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Philippines 500 pesos among leaders in Stack’s Bowers sale

Over 10 days in early August, Stack’s Bowers Galleries conducted five sales of world paper. Two were held at ANA in Denver and three in Hong Kong. The total realized over all five catalogs was $1,313,715.

Extremely rare and desirable Philippines 500 pesos Silver Certificate of 1906, P-33c, that sold at Stack’s Bowers’ ANA world paper sale for $39,950 graded PMG Very Fine 25 Net Rust.

In the ANA sale one note ruled them all: an extremely rare Philippines 500 pesos Silver Certificate of 1906, P-33c. It is one of just two examples certified by PMG who assigned it a Very Fine 25 Net Rust grade. Certainly the piece had been round the tracks but for Philippine collectors it is a key note. Its desirability was clearly demonstrated when it was bid-up to $39,950 on its $20,000-30,000 estimate.

It was not the top-selling lot on the day. However, it took a group of six 1960s Qatar & Dubai specimens to beat it into second place. The six were false color specimens, one to 100 riyals, P-1cs to -6cs, that graded PMG Gem Uncirculated 66 EPQ to Superb Gem Uncirculated 67 EPQ. With Middle Eastern issues running hot these days it was not unexpected when the six realized $58,750.

Modern Philippine rarity: Bangko Sentral Ng Pilipinas 100,000 Piso, P-190, produced in 1998 to commemorate the centennial of the First Republic. This example realized for $15,275.

The catalog included a Bangko Sentral Ng Pilipinas 100,000 piso of 1998, P-190, produced to commemorate the Centennial of the First Republic. These large and colorful notes were presented to diplomats and government officials. Few were available to collectors. They are seldom offered at auction. Described as in “Gem Uncirculated” condition it raced to $15,275 on a $15,000-20,000 estimate.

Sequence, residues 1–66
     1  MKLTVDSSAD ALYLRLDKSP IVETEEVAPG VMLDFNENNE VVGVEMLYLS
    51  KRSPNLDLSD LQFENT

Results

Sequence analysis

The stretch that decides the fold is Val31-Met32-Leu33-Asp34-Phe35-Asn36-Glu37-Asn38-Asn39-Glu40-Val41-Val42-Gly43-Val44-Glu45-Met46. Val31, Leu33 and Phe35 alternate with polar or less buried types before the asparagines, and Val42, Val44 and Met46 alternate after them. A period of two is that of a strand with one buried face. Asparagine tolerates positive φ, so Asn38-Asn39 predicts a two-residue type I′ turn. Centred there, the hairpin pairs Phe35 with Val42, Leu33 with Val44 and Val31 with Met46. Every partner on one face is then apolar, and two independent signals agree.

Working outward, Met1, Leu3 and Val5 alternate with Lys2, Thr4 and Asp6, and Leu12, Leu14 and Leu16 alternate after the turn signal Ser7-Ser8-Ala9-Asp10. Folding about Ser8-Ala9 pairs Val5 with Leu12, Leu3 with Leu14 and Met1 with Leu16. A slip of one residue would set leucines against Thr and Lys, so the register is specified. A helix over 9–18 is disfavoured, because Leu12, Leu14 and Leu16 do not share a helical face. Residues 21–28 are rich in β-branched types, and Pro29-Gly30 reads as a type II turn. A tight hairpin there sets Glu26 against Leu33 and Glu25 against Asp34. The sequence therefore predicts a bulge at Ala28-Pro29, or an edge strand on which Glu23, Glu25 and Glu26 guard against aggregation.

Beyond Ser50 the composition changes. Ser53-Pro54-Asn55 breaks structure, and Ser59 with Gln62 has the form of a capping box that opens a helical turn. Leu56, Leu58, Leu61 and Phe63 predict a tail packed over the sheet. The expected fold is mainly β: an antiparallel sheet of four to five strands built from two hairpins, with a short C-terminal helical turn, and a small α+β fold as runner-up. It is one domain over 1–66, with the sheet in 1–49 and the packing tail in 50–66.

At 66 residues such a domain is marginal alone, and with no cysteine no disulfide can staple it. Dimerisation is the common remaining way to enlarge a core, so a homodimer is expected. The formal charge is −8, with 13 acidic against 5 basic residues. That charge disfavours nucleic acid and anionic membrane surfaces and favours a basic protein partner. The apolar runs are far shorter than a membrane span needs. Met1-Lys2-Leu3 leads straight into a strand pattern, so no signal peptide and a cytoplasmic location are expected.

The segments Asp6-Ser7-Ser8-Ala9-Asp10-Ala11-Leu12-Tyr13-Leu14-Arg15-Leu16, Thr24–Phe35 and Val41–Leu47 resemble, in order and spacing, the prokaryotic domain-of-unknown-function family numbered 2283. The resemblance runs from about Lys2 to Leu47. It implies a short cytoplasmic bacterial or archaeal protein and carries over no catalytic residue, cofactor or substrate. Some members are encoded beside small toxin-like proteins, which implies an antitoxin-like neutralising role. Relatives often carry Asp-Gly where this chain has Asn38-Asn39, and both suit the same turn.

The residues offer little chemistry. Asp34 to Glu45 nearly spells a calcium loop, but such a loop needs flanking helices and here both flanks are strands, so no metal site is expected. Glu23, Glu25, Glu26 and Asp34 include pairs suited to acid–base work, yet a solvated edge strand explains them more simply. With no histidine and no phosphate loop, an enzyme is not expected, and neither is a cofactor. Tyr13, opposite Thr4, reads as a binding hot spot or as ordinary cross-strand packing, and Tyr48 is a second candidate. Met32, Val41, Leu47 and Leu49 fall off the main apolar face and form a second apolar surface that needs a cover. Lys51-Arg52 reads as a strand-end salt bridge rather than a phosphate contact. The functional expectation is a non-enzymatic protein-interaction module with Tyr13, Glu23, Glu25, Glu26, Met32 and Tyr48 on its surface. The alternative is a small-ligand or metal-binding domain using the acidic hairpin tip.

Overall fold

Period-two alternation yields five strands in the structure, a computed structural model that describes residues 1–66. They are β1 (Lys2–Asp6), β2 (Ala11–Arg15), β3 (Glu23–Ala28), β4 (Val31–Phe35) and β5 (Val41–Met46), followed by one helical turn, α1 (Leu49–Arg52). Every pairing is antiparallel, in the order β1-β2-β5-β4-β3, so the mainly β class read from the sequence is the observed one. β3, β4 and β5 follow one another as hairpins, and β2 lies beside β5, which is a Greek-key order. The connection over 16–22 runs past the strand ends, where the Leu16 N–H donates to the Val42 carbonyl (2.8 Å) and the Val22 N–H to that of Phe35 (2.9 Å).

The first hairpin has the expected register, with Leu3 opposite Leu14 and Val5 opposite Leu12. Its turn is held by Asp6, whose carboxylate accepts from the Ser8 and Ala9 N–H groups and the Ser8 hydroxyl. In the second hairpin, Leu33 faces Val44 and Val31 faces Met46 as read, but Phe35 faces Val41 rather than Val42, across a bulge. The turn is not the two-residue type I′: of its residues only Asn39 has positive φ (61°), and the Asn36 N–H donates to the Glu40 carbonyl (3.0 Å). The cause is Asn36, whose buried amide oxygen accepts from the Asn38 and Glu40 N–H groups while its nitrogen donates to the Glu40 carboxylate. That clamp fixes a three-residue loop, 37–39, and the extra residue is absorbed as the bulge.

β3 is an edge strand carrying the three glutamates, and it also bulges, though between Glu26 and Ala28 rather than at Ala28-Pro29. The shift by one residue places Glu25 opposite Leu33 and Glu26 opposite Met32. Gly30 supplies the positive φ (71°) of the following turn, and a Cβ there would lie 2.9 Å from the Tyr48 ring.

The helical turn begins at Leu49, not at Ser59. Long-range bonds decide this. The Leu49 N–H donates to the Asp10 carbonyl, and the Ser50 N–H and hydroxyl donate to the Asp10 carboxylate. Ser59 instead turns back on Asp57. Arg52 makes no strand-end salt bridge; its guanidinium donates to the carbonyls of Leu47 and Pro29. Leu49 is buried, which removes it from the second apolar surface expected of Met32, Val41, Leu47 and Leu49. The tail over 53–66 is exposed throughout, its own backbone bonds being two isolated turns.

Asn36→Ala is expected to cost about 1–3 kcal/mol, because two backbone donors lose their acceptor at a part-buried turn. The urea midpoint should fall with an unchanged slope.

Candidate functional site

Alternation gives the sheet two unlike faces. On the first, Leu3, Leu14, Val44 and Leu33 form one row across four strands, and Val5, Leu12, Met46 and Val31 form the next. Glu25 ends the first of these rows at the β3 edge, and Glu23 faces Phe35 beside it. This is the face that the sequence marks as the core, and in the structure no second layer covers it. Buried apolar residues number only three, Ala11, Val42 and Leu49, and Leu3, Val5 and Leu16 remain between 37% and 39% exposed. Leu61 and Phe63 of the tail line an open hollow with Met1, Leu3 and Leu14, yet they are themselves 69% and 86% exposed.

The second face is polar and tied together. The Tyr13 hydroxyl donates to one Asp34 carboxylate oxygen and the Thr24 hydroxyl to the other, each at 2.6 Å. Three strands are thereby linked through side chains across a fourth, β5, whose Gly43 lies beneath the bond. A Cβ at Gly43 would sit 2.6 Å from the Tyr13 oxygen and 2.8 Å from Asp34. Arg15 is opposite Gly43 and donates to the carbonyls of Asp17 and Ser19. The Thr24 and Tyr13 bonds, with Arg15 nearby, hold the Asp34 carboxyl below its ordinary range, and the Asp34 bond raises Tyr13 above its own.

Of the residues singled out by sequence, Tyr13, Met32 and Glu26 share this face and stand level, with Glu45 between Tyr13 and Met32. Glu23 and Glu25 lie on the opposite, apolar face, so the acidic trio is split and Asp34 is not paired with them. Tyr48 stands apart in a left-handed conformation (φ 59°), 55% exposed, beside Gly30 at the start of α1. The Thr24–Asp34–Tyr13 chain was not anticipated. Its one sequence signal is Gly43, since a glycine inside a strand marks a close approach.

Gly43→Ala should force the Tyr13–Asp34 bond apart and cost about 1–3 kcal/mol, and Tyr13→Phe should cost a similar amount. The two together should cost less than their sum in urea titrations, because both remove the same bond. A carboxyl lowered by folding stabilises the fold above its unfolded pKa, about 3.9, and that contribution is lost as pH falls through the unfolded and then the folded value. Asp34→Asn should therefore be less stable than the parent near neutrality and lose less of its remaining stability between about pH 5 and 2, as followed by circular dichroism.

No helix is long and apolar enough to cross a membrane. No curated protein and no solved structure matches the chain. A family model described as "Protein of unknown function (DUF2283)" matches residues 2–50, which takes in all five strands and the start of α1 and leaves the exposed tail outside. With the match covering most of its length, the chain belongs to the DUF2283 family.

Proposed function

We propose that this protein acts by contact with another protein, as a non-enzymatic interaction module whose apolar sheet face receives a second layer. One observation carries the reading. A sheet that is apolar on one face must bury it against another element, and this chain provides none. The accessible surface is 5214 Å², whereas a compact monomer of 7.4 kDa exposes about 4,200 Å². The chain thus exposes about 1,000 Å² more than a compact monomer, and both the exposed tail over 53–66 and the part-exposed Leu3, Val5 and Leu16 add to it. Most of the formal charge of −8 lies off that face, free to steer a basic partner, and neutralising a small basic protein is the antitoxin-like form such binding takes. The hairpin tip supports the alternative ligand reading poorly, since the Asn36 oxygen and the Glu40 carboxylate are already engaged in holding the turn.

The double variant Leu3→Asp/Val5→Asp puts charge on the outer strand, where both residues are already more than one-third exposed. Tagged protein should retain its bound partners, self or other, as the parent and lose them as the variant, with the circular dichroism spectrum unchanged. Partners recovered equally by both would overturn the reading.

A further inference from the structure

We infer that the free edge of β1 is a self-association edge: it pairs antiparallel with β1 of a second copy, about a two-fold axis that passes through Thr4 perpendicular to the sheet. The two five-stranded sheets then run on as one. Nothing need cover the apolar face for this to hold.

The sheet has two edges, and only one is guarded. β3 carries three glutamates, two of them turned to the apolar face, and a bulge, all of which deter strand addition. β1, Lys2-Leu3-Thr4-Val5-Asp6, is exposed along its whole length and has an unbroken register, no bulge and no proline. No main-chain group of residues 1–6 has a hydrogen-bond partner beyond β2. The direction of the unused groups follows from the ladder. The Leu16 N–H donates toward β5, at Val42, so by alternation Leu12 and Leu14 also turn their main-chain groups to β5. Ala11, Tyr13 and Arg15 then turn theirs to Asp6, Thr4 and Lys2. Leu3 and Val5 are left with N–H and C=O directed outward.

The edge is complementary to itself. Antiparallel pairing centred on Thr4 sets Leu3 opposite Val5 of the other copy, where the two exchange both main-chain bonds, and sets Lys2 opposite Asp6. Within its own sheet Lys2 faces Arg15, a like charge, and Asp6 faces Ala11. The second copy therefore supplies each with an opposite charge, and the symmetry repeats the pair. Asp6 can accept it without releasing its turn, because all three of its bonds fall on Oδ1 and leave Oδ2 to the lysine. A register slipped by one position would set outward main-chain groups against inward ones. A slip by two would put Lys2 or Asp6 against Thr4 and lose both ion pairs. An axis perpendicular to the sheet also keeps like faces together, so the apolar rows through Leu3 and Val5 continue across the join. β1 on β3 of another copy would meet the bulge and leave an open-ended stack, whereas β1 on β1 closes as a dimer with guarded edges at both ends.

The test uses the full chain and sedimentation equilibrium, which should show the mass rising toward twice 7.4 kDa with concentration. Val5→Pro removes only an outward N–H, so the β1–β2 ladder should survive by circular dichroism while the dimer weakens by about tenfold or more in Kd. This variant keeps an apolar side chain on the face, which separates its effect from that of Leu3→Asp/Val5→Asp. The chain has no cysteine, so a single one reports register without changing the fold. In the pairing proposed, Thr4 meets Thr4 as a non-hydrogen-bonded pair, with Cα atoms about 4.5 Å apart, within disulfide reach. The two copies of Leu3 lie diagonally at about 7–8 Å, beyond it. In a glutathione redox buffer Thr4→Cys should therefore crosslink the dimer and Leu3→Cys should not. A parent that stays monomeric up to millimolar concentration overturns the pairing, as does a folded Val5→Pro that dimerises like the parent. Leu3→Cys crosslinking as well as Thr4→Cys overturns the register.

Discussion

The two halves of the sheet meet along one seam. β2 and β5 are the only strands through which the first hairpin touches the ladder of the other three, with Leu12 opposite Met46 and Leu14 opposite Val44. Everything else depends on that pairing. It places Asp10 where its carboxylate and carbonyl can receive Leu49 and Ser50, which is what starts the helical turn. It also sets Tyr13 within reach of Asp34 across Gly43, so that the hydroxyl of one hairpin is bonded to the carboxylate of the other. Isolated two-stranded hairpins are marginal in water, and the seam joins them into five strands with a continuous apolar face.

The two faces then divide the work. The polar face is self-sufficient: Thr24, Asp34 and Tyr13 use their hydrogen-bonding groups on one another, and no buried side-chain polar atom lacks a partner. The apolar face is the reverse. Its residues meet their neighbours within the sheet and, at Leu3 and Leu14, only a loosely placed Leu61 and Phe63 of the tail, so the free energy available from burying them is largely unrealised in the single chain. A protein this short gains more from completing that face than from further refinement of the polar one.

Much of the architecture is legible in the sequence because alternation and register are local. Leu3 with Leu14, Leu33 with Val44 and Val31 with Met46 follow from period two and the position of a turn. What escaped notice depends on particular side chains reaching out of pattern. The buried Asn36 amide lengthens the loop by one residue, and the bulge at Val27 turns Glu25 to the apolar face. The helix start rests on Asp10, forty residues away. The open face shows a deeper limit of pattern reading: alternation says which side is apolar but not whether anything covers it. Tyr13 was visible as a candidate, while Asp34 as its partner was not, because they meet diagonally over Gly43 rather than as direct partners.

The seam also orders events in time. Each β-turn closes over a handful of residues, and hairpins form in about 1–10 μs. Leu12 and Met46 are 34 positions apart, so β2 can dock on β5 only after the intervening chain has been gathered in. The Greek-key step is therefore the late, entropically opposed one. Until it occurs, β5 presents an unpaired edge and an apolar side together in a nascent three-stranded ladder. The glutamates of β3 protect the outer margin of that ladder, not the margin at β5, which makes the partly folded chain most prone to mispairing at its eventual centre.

Canadian rarity: $5 of 1924, P-35, featuring Queen Mary. In PMG About Uncirculated 50 EPQ it realized $14,100.

Among other desirable singlet lots was a Canada $5 of 1924, P-35. This is a scarce note in any condition with only a third of printed notes entering circulation. Queen Mary features at the center and the engraved date of May 26, 1924 is that of her birthday. Graded PMG About Uncirculated 50 EPQ, it realized an easy $14,100.

But 10 days later in Hong Kong it was all about China. The appetite for Chinese paper rarities is proving insatiable. If China has not already eclipsed the Middle East bank note market it is at least running neck-to-neck. Three examples of high rollers will have to suffice.

Chinese rarity: Qing Dynasty 100,000 cash of Year 8 (1858), P-A8b, which took $27,600 graded PCGS Extremely Fine 40 PPQ.

The Qing [Ch’ing] Dynasty led off with a 100,000 cash of Year 8 (1858), P-A8b. This was the highest denomination of this imperial series and is regarded as rarer than the Board of Revenue 50 tael issue. The S-B cataloger reported the last public sale as in 2011. Graded PCGS Extremely Fine 40 PPQ, it took $27,600 on a $20,000-25,000 estimate.

Inevitably bidders were queuing up for one of the early high denominations of the People’s Bank of China. A 5,000 yuan of 1951, P-857Ca, in PCGSBG About Uncirculated 55 had no problems in taking $18,000.

And issues, or even non-issues, of private banks of China are attracting increasing attention. A Shun Yee Bank 100 coppers (NIP) in PMG 25 NET Rust managed a comfortable $13,200.

These are but a taste of the five sales. Full lot details and prices realized can be found at Stack’s Bowers website: www.stacksbowers.com. They are well worth a browse.

 

This article was originally printed in Bank Note Reporter. >> Subscribe today.

 

More Collecting Resources

• When it comes to specialized world paper money issues, nothing can top the Standard Catalog of World Paper Money, Specialized Issues .

• The Standard Catalog of United States Paper Money is the only annual guide that provides complete coverage of U.S. currency with today’s market prices.

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